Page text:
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Originally ran on These Native Goods, from our contributor Chandra Fox
Originally, I heard of the brand Botanica Workshop through Jessica Taft Langdon, designer of the Palatines. She highly recommended them, and after I viewed their website, I saw why. I was immediately drawn to their style; it’s both delicate and confident. Seeing the pieces in person only added to the original appeal. Beautifully crafted underpinnings laid in rows on a table when I finally saw the pieces in person, and ethereal slips hung around the rest of the booth. The color palette caught my eye right away. Soft neutrals that are romantic yet modern, with a few pops of color – for instance, a vibrant yellow achieved from a natural turmeric dye. Her collections are comprised of mostly signature pieces. These include several cuts and fabrications of bras, panties and slips. Additional items and color ways are added seasonally. I wanted to get to know the brand and the designer behind it, Misa Miyazawa, after this first encounter. At the time I first saw her, she was clearly and understandably swamped with customers, so we set up a studio visit, which I brought my whole family to. Thank you again, Misa, for having us.
I have often felt that there is a collective creative energy just waiting to be tapped into. Before trends even start, people are drawn towards similar desires for newness. When someone is looking for a change, chances are many others are as well. Having recently been introduced to a more sustainable way of living, Misa was looking for organic, comfortable, well-made underwear that fit her lifestyle. Something that was healthy for her and the planet while avoiding the overuse of lace and panty bling. An avid vintage shopper, she also wanted something that would work well with her wardrobe. Fortunately for all of us, when her search was unsuccessful Misa decided to create her own line.
Misa was initially living in New York when the idea came to her. She had years of experience working in the fashion industry that provided her with insights regarding what she did and did not want in a brand. Slow fashion was important to her. Unfortunately, finding domestic suppliers and manufacturers who were willing to work on a smaller scale proved to be difficult. The amount of units she wished to produce and the fabric and trimmings needed to make them were not large enough for many companies to consider doing business with her. A move back to her hometown of Los Angeles brought Misa closer to a larger network of manufacturers, including companies willing to work with smaller designers. At the time, she was sewing all of the prototypes herself, pulling from her technical training in ready to wear, yet there was indeed still a learning curve. Although undergarments look pretty straightforward, they are actually tricky little things. Especially when elastic and silk are involved, they require a steady hand, lots of patience and very precise cuts. Misa spent a year making pieces she deemed unworthy before becoming more confident in her skills. During this time, she was also able to find local sample makers and manufacturers who fit her production needs, as well as her quality standards. The first Botanica Workshop collection became available for Spring 2015.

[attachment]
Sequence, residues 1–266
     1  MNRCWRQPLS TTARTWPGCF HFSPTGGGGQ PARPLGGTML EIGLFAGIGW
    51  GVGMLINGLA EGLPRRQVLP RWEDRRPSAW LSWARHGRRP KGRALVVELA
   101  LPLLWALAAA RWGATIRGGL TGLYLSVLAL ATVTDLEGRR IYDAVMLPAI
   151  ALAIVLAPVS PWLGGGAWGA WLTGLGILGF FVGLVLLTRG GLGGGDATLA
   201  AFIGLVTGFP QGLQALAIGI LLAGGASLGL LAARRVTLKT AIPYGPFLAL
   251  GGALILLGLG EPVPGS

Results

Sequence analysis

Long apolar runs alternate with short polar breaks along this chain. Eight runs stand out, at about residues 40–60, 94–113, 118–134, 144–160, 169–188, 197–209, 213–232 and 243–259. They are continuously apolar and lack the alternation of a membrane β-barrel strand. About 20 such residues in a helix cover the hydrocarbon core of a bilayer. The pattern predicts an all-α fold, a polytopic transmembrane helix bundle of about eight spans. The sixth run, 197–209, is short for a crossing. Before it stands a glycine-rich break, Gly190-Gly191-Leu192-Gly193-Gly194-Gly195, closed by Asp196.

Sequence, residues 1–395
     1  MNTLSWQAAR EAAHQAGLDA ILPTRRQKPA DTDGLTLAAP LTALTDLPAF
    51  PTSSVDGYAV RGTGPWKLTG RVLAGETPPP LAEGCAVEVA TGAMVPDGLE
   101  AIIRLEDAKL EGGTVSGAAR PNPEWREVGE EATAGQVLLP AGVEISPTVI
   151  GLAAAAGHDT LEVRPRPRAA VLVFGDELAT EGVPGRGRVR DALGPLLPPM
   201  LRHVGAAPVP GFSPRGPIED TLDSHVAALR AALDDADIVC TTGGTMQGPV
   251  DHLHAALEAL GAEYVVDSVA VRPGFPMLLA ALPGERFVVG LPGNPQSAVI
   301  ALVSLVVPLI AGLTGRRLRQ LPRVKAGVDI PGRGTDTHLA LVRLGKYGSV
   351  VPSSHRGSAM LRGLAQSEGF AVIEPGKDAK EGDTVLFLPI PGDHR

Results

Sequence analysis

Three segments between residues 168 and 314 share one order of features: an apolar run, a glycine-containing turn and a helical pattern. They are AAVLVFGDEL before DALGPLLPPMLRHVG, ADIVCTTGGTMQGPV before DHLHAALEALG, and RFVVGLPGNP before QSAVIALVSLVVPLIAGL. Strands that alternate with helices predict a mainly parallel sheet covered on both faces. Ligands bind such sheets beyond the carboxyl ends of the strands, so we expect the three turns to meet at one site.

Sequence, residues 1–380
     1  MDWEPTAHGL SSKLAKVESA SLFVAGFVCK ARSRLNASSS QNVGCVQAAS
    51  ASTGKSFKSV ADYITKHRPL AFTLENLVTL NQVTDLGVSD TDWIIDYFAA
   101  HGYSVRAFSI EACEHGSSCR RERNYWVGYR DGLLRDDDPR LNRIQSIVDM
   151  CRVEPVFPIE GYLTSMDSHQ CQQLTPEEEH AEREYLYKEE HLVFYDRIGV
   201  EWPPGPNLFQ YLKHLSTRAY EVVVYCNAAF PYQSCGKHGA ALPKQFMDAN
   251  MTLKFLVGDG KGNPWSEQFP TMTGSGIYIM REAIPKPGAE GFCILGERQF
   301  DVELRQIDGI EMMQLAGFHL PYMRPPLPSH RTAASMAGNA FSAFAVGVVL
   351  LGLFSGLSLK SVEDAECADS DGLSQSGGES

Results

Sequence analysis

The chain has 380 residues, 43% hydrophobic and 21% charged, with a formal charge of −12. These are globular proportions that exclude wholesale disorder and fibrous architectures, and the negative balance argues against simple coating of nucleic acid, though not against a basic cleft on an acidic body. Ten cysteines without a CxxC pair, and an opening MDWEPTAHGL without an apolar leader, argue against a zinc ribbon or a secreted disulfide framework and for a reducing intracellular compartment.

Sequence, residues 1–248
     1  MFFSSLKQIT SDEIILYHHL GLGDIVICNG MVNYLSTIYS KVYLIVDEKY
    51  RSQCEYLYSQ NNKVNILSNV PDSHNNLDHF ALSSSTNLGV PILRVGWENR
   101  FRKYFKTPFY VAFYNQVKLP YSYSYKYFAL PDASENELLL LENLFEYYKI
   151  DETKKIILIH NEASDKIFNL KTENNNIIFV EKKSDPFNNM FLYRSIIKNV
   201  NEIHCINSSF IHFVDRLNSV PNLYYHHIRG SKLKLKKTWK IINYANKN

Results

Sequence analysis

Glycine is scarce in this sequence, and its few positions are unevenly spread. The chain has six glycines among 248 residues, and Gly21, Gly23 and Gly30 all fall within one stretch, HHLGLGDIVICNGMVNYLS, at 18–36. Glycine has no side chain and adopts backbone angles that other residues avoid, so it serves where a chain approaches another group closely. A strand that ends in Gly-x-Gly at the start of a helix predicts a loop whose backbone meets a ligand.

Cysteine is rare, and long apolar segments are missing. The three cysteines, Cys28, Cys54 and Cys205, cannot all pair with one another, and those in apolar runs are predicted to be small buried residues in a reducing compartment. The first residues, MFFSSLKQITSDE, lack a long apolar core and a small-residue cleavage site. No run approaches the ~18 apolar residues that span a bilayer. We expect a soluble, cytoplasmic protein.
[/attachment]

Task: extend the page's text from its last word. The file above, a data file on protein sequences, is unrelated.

Misa created the line she (and many of us) had been searching for. She uses organic cotton and silks, natural and low impact dyes, and all her production that happens in the U.S. Botanica Workshop fits into Misa’s own eco-friendly lifestyle and helps fill a void that was once in the market: sustainable, ethical and stylish. The pieces possess a sense of whimsy and nostalgia with their vintage influence, while still remaining incredibly modern. Botanical Workshop, to me, is a new breed of sexy, soft touchable fabrics and flattering shapes. But it’s more than that – knowing that what you are wearing came from a good place is a huge selling point of the brand. The environment, people, and your own lady bits were all thoughtfully considered.
All photos of the Perennial Collection, Kirsty Hume modeling and shot by Nancy Neil